Once Beaten, Often Doubted, Packers Limp Into Game Against Bears

Dungy, however, is not Packers Coach Mike McCarthy. 

“I feel very good about our football team,” McCarthy said after his team’s first loss of the season, 19-14, at Kansas City last Sunday. “We’re 13-1. Our team clearly understands the roller-coaster ride that everybody likes to take you on. We knew the ride would just go that way. So it’s important to stay in touch with reality.”

The reality is the Packers, who had won 19 consecutive games — the second-longest streak in N.F.L. history — lost for the first time in the calendar year. A defense that finished second in fewest points allowed last season has not performed anywhere close to that level this season — the Packers are tied for 14th in points allowed. It had not mattered, however, with quarterback Aaron Rodgers leading an offensive juggernaut that until last week was threatening the N.F.L.’s single-season scoring record established by the undefeated New England Patriots of 2007.

, however, Rodgers completed less than 50 percent of his passes for only the third time in his career and was sacked four times. Kansas City rushed three or four players on about 80 percent of Rodgers’s dropbacks, playing press coverage on the receivers and keeping two safeties deep.

Whether that strategy can be used as a blueprint for beating the Packers in the playoffs remains to be seen, though Rodgers has an opinion.

“Well, I think it’s baloney,” he said. “They have a blueprint for winning any game. If you control the football, you don’t turn the ball over and you can shut the other team down on third down and hold them to 14 points, you should win the game. Other teams have played similar styles of coverages and ideas of rushing four and dropping seven or rushing three and dropping or playing man with two high safeties, and we beat those teams. We just didn’t execute well.”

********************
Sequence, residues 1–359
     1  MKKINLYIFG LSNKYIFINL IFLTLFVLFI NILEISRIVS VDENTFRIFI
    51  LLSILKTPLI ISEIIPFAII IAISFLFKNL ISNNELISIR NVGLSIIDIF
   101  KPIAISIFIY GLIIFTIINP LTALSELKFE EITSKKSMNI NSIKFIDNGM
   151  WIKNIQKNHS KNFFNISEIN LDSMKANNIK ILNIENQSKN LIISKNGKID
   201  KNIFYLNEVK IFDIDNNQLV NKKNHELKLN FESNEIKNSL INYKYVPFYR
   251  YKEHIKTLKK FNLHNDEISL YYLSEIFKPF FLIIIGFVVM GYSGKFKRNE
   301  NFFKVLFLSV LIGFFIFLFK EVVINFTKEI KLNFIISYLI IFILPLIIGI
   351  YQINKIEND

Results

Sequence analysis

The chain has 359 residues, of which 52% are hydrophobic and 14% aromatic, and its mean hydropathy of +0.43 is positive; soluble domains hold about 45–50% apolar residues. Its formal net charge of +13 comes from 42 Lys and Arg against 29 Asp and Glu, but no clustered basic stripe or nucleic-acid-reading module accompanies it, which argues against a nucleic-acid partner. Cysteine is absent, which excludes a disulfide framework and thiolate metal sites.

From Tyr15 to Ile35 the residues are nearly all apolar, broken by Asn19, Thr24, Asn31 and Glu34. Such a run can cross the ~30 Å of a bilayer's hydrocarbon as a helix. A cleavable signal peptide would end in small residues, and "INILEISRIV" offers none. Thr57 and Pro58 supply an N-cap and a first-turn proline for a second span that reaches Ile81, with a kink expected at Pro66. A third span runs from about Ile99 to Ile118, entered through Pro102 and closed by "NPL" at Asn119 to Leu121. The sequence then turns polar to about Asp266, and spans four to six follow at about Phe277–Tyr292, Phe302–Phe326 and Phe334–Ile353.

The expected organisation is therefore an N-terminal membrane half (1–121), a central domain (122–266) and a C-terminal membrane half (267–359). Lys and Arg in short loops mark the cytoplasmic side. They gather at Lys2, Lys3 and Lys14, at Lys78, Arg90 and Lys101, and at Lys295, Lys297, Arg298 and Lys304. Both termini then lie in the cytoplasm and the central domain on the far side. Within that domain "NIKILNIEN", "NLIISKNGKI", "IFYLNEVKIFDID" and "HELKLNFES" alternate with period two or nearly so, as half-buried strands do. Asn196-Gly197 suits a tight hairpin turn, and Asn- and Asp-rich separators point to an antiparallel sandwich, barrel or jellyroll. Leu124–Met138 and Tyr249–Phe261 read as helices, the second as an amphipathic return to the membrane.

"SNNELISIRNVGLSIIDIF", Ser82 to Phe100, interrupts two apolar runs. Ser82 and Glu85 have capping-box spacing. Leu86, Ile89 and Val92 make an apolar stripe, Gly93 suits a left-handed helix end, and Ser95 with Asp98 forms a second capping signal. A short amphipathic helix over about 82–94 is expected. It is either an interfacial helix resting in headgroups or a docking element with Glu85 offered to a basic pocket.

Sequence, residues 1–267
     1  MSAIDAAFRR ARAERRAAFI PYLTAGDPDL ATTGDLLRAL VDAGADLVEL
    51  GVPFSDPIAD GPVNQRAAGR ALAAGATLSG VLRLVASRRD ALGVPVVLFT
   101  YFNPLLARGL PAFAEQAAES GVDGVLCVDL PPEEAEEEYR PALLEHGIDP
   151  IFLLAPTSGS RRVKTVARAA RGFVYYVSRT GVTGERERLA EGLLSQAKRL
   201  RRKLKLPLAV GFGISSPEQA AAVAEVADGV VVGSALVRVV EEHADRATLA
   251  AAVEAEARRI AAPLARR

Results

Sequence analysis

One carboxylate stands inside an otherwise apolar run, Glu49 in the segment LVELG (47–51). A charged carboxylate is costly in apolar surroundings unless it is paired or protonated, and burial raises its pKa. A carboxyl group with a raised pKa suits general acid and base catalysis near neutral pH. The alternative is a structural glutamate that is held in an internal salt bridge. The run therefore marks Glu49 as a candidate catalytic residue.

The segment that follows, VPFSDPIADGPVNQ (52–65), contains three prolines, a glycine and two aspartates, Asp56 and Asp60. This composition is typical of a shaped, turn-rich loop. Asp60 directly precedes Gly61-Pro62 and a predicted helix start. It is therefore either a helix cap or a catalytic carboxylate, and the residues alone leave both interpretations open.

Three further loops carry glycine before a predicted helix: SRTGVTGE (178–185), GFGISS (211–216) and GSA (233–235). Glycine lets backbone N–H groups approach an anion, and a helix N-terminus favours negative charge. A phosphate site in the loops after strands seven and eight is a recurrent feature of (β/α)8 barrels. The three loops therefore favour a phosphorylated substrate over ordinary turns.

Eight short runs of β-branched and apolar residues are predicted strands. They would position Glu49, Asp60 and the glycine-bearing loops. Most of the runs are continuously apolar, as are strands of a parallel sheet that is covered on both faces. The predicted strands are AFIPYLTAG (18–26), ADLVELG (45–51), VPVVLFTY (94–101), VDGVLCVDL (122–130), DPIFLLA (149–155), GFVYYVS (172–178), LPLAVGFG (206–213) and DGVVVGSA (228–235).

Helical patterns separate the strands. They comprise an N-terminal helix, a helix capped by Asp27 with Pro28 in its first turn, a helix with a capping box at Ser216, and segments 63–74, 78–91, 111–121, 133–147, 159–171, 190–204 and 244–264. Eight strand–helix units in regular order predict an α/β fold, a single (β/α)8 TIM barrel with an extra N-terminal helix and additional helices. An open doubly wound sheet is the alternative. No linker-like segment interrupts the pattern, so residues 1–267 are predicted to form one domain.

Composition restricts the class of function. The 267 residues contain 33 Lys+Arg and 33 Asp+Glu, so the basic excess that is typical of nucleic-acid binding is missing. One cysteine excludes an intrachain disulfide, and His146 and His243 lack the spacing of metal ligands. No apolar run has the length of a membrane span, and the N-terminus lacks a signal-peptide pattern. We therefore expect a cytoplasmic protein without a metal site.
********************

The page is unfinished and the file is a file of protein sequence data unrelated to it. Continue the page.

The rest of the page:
The more pressing issue is injuries. Green Bay, which won the Super Bowl last year with six starters among 15 players on injured reserve, was unable to persevere last week.

Against Oakland on Dec. 11, the Packers lost the Pro Bowl receiver Greg Jennings for at least the rest of the regular season with a knee sprain. Against the Chiefs, right tackle Bryan Bulaga was lost for a week or two with a sprained kneecap. His backup, the first-round pick Derek Sherrod, broke his leg and will be out for the rest of the season. Already without the Pro Bowl left tackle Chad Clifton since Oct. 9 because of an injured hamstring, Green Bay’s offensive line will go into Sunday night’s game against Chicago without three of its top four offensive tackles.

Only center Scott Wells and right guard Josh Sitton will be at their usual spots. Marshall Newhouse will be making his 10th consecutive start at left tackle, left guard T. J. Lang play will at right tackle and by Detroit’s Ndamukong Suh on Thanksgiving — will take Lang’s spot at guard.

Considering than Rodgers, the problems up front could not have come at a worse time. Chicago’s front seven is anchored by Julius Peppers, who is one sack from being the 28th player in N.F.L. history with 100 for his career.

The Packers, of course, could run more frequently and turn to more quick-hitting passes to avoid the Bears’ rush, but that is typically not the way McCarthy operates. There is no greater evidence of that than the Atlanta game, when Bulaga was inactive and Clifton exited about five minutes into the second quarter. The Packers had 35 pass plays and only 7 runs with the backups before the final minutes of the game.

“Let’s say you’re going to throw the ball, and a team has a four-man line — there’s only X amount of ways you can figure out how to block those four guys,” the offensive coordinator Joe Philbin said. “We’re not going to change a whole bunch. It’s Dec. 22 and we’ve been at this since July 29, so we’re not staying up inventing new things. We think we have a sound offense, we think we’ve got sound protection schemes, but the foundation of it is if guys block.”

Lang said he expected McCarthy to call a typically aggressive game and to rely on Rodgers, regardless of who was blocking or who they were blocking.

“We have a mentality around here that when somebody gets injured, the next guy steps up and fills his spot,” Lang said. “That’s something, especially on the offensive line, that we take pride in is if you have to come in and fill in, we don’t want to change up the whole game plan. We’re expecting things to be the same. We trust in the guys we’re going to have out there and we trust in the game plan.”

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